CLOSE THE WELLAND CANAL. Exotic predators enter the Great Lakes as stowaways in the ballast tanks of ships, as well as by swimming up the Chicago River.
"We haven't done anything," says Gary Fahnenstiel, a senior ecologist with the National Oceanic and Atmospheric Administration. "It's all been rhetoric by politicians. I'll be among the first scientists to say: Let's close the Welland Canal. Let's start there. This is ridiculous."
That will limit the access of overseas hitchhikers in ballast tanks. There is still the little problem of Asian big-headed carp making their way north in the Illinois River and the Sanitary and Ship Canal.
If bighead carp make their way into the lakes, says Dennis Schornack, President Bush's handpicked person for U.S.-Canadian Great Lakes issues, "then it is just a matter of time before we end up with a carp pond."
Suppose the U.S. and Canadian governments did in fact close the Seaway and the Welland Canal. What would the economic consequences be?

Perhaps not much, according to this study conducted for the St. Lawrence Seaway Development Corporation. The study notes some 152,000 jobs dependent on cargo movements on what the report calls the "U.S. Great Lakes St. Lawrence Seaway System" as of 2000.

Note the conjuring trick being employed. Absent the Welland Canal, three of the five Lakes would function as a connected ecosystem as well as a contiguous transportation route, and the St. Mary's River from Lake Superior to Lake Huron allows for some movement of fish. The Sault Ste. Marie ("Soo") Locks permit the movement of boats between Lake Superior and the other three Lakes. These locks are much larger than those on the Welland Canal and the Seaway. There are lakers that have been built and remain confined on the Lakes for their entire service lives, transporting iron ore, coal, and sand and gravel aggregates, which are three of the top four cargoes transported on the Lakes. (Iron and steel products, which for the most part move within the contiguous Lakes, are in second place.) Note what is missing: grain (which in principle could be moved from elevators at Duluth-Superior, Milwaukee, and Chicago overseas), paper (Minnesota and Wisconsin ports), timber, and livestock. Those export cargoes can be sent by rail or truck to an Atlantic port.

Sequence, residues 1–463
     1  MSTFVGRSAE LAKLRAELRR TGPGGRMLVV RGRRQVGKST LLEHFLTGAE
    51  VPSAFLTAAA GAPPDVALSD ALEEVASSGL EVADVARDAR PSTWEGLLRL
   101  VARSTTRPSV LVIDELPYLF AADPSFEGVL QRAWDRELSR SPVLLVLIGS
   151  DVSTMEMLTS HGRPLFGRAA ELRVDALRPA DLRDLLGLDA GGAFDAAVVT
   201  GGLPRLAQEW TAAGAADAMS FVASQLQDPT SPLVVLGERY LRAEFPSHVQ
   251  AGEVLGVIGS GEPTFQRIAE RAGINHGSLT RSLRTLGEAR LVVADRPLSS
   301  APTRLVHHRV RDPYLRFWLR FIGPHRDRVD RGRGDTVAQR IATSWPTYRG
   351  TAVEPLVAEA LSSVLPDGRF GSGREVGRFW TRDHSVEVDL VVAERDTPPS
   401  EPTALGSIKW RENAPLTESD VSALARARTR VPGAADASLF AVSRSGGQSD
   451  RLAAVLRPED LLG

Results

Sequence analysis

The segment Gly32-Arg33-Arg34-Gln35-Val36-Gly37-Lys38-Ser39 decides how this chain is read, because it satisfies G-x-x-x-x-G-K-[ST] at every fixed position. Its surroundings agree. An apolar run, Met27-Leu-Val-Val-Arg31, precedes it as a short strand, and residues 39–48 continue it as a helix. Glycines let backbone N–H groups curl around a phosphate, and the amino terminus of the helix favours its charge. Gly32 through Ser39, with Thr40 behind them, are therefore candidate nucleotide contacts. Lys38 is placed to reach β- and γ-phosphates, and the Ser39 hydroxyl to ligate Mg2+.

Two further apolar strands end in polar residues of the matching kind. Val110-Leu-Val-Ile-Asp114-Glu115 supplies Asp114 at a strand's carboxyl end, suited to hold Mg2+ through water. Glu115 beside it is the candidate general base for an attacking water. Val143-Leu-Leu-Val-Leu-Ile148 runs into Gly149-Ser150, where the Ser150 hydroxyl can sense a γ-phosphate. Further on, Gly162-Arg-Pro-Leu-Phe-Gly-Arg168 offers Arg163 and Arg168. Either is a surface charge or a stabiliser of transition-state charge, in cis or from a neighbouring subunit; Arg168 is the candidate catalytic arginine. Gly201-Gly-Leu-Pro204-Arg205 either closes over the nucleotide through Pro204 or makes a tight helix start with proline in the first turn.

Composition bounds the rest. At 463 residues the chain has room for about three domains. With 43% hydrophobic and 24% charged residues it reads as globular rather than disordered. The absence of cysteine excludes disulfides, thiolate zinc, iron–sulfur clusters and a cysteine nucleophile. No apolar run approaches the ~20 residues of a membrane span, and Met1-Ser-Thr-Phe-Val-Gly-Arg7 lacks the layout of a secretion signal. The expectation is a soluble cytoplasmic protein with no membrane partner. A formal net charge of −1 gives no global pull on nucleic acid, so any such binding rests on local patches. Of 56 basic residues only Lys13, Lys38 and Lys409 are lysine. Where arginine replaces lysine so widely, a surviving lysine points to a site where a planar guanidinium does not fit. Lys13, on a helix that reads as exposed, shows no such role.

• What is the value of the St. Lawrence Seaway?
  • Is the St. Lawrence Seaway corporate welfare?
  • Do the economic benefits it confers, if any, warrant the introduction of invasive species?

    This site at the University of Michigan identifies some of the invasive species. The Milwaukee Journal-Sentinel provides an instructive primer on how those hitchhikers get here.

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